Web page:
Dictionary: A   B   C   D   E   F   G   H   I   J   K   L   M   N   O   P   Q   R   S   T   U   V   W   X   Y   Z


bard2 (def 1).
bard2 (def 3).
Armor. any of various pieces of defensive armor for a horse.
Cookery. a thin slice of fat or bacon secured to a roast of meat or poultry to prevent its drying out while cooking.
Armor. to caparison with bards.
Cookery. to secure thin slices of fat or bacon to (a roast of meat or poultry) before cooking.
Historical Examples

The barding (A3) probably dates from the last years of the fifteenth century.
Spanish Arms and Armour Albert F. Calvert

The horses are not provided with any defensive armour; the custom of barding chargers not being introduced till a much later date.
Spanish Arms and Armour Albert F. Calvert

The particular use of the barding of steel or pourpointerie was to defend the horses against the missiles of the enemy.
Ancient Armour and Weapons in Europe John Hewitt

The barding of the horse (A65) is exquisitely engraved with fanciful figures, in which we recognise the hand of Daniel Hopfer.
Spanish Arms and Armour Albert F. Calvert

The barding of the horse (which does not belong to the suit) is magnificent.
Spanish Arms and Armour Albert F. Calvert

The equipment and barding of the horse furnished also subjects of instruction.
The History of Chivalry, Volume I (of 2) Charles Mills


(formerly) one of an ancient Celtic order of poets who recited verses about the exploits, often legendary, of their tribes
(in modern times) a poet who wins a verse competition at a Welsh eisteddfod

(archaic or literary) any poet, esp one who writes lyric or heroic verse or is of national importance
a piece of larding bacon or pork fat placed on game or lean meat during roasting to prevent drying out
an ornamental caparison for a horse
verb (transitive)
to place a bard on
the Bard, an epithet of William Shakespeare

mid-15c., from Scottish, from Old Celtic bardos “poet, singer,” from PIE root *gwer- “to lift up the voice, praise.” In historical times, a term of contempt among the Scots (who considered them itinerant troublemakers), but one of great respect among the Welsh.

All vagabundis, fulis, bardis, scudlaris, and siclike idill pepill, sall be brint on the cheek. [local Scottish ordinance, c.1500]

Subsequently idealized by Scott in the more ancient sense of “lyric poet, singer.” Poetic use of the word in English is from Greek bardos, Latin bardus, both from Gaulish.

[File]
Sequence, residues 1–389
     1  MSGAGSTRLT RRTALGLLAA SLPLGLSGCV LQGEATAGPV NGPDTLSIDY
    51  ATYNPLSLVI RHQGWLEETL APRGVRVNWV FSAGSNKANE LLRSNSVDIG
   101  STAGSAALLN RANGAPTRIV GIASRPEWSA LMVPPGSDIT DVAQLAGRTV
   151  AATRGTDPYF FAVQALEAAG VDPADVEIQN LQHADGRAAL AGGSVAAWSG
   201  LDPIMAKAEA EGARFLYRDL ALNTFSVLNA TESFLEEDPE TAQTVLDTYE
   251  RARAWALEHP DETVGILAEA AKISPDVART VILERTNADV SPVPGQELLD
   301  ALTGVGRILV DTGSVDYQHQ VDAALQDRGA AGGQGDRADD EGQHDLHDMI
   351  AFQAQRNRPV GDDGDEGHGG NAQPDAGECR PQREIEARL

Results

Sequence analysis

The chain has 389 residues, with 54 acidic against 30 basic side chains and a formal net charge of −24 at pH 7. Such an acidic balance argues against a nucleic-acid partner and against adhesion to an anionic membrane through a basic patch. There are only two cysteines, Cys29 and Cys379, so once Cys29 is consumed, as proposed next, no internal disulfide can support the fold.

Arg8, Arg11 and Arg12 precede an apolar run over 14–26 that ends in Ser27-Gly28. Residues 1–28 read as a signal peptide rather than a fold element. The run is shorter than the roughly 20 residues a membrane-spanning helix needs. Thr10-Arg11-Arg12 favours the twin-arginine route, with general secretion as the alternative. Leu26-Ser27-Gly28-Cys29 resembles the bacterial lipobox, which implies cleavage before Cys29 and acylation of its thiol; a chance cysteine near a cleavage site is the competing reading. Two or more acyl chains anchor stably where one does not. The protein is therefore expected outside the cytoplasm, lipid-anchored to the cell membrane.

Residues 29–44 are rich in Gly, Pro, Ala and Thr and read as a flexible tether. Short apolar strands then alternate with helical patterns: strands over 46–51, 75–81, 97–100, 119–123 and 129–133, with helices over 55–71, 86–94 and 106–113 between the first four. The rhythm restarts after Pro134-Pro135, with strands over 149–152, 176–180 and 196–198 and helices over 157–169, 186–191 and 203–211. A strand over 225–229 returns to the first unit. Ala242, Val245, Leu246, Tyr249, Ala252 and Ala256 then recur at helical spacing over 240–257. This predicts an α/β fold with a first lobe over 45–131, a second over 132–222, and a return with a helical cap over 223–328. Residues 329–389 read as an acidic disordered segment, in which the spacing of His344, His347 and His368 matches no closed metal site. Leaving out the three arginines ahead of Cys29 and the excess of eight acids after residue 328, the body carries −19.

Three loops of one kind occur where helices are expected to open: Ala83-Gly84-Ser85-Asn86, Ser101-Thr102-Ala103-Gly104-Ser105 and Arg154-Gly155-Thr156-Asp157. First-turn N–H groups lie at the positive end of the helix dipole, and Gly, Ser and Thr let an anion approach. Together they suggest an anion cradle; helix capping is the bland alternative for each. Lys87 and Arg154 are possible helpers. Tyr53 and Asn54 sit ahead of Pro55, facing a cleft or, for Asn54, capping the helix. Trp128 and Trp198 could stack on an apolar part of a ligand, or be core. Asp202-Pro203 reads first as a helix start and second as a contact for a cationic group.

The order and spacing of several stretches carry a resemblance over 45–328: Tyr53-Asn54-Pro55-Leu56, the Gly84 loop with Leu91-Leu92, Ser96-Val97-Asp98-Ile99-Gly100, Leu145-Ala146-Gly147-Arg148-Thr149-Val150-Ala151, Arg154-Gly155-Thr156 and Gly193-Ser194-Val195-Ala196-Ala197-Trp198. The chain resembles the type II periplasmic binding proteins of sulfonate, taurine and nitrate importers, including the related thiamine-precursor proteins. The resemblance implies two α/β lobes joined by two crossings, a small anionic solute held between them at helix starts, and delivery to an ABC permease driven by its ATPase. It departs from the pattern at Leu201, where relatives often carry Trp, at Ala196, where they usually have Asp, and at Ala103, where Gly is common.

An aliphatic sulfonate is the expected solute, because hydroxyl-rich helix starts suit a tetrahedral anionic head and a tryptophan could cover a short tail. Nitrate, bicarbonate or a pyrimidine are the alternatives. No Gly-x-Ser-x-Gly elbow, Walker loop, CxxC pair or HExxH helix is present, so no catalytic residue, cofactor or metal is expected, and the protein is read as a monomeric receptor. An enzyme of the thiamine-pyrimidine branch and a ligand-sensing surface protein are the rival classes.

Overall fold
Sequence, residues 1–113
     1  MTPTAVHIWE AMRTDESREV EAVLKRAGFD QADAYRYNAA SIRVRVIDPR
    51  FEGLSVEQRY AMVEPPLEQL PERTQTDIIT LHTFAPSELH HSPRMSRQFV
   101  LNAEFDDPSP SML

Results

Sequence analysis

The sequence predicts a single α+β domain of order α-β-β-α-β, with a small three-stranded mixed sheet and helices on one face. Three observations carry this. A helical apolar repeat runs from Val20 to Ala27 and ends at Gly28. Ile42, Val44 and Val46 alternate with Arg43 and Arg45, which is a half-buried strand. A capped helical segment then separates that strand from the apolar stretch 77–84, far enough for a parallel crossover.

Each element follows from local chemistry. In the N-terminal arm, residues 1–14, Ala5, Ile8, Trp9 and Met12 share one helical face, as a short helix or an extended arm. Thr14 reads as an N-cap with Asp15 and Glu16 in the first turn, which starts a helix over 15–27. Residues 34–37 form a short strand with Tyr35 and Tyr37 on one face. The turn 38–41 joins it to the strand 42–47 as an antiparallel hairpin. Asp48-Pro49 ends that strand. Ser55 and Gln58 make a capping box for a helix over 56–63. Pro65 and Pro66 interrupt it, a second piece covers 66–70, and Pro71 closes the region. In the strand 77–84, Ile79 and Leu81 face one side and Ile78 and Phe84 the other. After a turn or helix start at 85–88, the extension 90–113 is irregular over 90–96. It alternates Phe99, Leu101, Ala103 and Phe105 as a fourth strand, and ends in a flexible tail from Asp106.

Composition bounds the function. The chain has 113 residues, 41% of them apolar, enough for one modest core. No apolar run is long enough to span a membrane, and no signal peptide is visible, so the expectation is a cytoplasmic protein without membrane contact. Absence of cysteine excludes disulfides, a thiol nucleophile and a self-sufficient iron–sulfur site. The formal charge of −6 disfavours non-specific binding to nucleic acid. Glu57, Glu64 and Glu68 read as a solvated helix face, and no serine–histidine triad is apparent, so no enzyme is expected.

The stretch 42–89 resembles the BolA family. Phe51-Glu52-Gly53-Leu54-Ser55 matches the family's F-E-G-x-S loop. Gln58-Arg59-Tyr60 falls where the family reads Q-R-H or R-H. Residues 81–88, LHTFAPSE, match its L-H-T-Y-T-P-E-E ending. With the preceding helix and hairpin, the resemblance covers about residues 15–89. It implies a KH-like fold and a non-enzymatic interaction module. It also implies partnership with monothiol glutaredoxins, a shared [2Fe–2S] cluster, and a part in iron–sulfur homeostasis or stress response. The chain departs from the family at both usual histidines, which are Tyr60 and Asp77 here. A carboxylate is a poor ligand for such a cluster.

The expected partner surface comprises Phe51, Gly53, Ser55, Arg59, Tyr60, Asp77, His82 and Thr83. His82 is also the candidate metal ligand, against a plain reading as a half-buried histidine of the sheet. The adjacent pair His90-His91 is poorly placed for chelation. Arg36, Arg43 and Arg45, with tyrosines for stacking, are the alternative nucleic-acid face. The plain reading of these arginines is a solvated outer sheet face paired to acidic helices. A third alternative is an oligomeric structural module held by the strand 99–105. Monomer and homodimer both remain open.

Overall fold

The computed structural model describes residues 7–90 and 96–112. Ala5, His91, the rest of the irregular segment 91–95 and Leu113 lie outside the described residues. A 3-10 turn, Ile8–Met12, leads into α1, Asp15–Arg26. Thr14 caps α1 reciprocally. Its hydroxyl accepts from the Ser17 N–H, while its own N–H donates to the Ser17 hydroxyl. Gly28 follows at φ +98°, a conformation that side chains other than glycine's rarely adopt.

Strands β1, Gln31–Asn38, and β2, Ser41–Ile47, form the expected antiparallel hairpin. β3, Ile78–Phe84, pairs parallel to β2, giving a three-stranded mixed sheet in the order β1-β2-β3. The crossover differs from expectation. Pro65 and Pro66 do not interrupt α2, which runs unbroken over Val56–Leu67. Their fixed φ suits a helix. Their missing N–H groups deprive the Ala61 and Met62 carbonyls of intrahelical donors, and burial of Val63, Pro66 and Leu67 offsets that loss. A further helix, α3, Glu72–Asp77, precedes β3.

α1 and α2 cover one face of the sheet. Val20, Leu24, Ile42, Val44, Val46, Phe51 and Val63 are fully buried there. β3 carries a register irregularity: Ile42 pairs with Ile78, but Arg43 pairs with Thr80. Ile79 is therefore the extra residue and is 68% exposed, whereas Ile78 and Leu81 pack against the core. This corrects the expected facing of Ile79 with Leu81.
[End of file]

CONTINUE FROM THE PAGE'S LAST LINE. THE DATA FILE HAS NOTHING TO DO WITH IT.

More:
Read Also:

  • Bardo

    (in Lamaism) the state of the soul between death and rebirth. Contemporary Examples bardo is serving a life sentence without the possibility of parole. Rock Star Shirley Manson From Garbage Battles a Cyberstalker Christine Pelisek, Chris Lee July 15, 2012 Historical Examples bardo paused, but neither Romola nor Tito dared to speak—his voice was too […]

  • Bardolatry

    noun (facetious) idolatry or excessive admiration of William Shakespeare n. “worship of Shakespeare (the ‘Bard of Avon’),” 1901, from bard + -latry.

  • Bardolino

    a dry red wine from the Veneto region of northern Italy. noun (pl) -nos a light dry red wine produced around Verona in NE Italy noun a light fruity red wine from Verona, northern Italy Word Origin from Bardolino, Italy Usage Note cooking

  • Bare

    without covering or clothing; naked; nude: bare legs. without the usual furnishings, contents, etc.: bare walls. open to view; unconcealed; undisguised: his bare dislike of neckties. unadorned; bald; plain: the bare facts. (of cloth) napless or threadbare. scarcely or just sufficient; mere: the bare necessities of life. Obsolete. with the head uncovered; bareheaded. to open […]

Disclaimer: Barding definition / meaning should not be considered complete, up to date, and is not intended to be used in place of a visit, consultation, or advice of a legal, medical, or any other professional. All content on this website is for informational purposes only.